The centrist Social Market Foundation think tank has brought forward a new policy proposal to levy “tens of billions of pounds of new taxes” on people selling houses. Essentially the plan is to replace what is widely considered Britain’s worst tax (stamp duty) with a similar duty that falls on the seller rather than the buyer. Revolutionary.
Stamp Duty is currently levied at 5% on properties up to a million pounds. The SMF is proposing a 10% “property capital gains tax” on the difference between the price a property was bought at and the price it is sold for, snatching they estimate £421 billion from homeowners over the next 25 years. It’s easy to see how this will particularly punish granny, with all her lifetime capital likely tied up in the former family home, when she downsizes the house bought decades ago. Are they trying to further freeze the already gunged up housing market?
Apart from this being electoral suicide, this is a terrible idea that will undermine the good that capital formation by families does for society. For most ordinary people the major capital asset is the family home. Wonks should stop trying to tax and fiddle about with the housing stock that already exists. The only way to really bring down prices is to increase supply…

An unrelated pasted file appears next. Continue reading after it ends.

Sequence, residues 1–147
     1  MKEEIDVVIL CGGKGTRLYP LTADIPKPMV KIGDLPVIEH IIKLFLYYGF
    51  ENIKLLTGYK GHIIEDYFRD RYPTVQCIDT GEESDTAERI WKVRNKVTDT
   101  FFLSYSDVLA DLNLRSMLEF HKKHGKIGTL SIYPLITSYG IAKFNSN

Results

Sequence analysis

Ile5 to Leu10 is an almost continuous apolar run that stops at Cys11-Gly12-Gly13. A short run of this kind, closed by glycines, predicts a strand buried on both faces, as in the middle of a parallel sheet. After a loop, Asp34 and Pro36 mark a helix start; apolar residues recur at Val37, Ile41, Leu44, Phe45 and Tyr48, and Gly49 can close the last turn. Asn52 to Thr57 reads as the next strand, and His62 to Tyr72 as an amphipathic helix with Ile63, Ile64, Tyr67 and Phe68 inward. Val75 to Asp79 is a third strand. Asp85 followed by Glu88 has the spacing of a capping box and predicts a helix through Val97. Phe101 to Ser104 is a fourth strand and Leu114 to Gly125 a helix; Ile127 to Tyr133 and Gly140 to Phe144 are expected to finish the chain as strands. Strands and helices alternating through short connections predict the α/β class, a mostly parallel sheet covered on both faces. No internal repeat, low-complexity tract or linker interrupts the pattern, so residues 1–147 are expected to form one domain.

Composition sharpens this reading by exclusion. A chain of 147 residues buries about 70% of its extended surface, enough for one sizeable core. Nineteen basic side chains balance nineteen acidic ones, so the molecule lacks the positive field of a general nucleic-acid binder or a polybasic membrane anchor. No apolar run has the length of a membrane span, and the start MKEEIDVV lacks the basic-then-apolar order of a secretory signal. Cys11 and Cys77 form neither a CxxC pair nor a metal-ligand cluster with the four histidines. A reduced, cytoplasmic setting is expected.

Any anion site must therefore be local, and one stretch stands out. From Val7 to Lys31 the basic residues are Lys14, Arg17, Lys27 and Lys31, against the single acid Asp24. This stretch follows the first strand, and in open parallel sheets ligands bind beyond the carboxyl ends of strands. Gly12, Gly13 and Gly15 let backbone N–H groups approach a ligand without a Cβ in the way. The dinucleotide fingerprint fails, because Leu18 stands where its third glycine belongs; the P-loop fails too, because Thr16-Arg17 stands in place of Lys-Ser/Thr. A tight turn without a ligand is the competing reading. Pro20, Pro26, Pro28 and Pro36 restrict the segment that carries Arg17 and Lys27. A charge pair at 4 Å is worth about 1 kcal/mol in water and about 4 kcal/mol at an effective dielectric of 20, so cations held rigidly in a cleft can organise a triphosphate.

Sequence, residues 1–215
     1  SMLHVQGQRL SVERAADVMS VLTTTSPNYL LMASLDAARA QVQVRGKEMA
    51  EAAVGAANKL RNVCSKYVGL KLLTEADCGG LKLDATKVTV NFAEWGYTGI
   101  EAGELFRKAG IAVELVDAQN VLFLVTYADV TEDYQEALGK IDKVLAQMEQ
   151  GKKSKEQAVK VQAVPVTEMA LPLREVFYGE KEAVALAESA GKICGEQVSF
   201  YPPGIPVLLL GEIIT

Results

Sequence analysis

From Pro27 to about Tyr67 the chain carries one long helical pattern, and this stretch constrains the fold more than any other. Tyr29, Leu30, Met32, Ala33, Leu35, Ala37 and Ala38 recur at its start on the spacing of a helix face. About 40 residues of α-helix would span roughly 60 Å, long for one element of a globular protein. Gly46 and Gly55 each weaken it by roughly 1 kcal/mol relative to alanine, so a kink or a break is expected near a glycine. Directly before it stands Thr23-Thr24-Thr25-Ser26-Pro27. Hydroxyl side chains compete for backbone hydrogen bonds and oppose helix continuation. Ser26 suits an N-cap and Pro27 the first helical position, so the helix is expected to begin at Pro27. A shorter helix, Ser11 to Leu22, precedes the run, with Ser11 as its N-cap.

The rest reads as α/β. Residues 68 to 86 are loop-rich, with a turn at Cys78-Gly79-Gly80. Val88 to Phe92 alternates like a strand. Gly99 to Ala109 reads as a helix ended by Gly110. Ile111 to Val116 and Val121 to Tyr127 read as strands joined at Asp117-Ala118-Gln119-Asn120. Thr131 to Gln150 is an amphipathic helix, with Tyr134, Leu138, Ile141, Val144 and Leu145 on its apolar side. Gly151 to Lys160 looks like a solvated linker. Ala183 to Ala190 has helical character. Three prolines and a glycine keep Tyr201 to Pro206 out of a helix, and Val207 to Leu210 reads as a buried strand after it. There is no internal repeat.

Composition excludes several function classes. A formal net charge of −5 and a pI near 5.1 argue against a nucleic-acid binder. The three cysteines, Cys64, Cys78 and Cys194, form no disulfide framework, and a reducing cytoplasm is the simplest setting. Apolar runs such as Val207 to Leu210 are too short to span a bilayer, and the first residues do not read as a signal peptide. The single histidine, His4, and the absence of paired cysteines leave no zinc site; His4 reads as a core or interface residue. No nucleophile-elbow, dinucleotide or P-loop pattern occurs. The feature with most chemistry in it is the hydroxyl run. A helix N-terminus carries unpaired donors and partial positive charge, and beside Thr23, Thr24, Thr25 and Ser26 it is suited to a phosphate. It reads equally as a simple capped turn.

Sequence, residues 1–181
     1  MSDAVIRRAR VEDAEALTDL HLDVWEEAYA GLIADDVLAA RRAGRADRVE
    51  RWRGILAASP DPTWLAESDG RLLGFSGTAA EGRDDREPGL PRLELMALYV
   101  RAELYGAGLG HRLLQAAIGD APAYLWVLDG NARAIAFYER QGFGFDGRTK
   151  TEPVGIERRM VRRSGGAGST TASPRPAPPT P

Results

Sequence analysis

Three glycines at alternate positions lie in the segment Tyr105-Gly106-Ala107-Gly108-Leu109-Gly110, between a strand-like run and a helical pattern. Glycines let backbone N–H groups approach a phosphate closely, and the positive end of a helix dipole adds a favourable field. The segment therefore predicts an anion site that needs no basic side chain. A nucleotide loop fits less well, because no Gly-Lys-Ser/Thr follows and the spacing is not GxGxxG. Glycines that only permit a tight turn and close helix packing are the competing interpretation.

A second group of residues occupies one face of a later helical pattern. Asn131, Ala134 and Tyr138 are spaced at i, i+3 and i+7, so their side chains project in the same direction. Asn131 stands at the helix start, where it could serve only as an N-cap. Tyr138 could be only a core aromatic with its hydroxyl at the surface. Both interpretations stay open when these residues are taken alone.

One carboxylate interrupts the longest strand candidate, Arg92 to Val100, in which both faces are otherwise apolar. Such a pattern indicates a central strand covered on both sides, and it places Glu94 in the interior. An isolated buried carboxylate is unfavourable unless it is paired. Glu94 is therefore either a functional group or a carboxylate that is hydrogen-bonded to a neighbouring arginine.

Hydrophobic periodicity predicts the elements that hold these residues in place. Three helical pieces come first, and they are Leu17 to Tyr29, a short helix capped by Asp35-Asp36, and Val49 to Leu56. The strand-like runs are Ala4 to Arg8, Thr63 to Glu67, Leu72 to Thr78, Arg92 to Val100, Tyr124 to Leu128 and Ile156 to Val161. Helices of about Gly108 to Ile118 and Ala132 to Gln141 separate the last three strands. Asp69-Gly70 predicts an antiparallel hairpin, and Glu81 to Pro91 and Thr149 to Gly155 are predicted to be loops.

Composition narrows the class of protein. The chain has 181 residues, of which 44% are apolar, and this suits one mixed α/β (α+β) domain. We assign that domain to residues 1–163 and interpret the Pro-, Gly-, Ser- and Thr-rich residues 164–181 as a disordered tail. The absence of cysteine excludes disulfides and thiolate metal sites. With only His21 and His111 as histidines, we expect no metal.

Remember when John McDonnell claimed that nationalising the water industry wouldn’t cost taxpayers a penny? Well, wonks at the Social Market Foundation disagree. Drawing on data from academic studies, Ofwat, the London Stock Exchange and the annual accounts of water companies, the SMF have found that nationalising the water industry’s assets would initially cost £90 billion, more than the current education budget and a 5% increase in government debt levels, plus another £100 billion over the next 25 years to meet their investment requirements. Acquiring them for less than the market price would cost more in the long term as investors flee fearing further nationalisations. Guido enjoyed McDonnell’s tetchy response to the report, accusing the centrist SMF of being “right-wing”, implying they fiddled the figures at the behest of the water industry and taking a pop at its director James Kirkup:
“This is a report by a right-wing think tank, led by the former political editor of the Telegraph, and commissioned on behalf of the water industry. Labour has been clear that as established by legal precedent it will be parliament that decides the price to compensate shareholders. With returns significantly higher than bond yields the taxpayer will be better off following the return of water to public ownership.”
Who you gonna believe?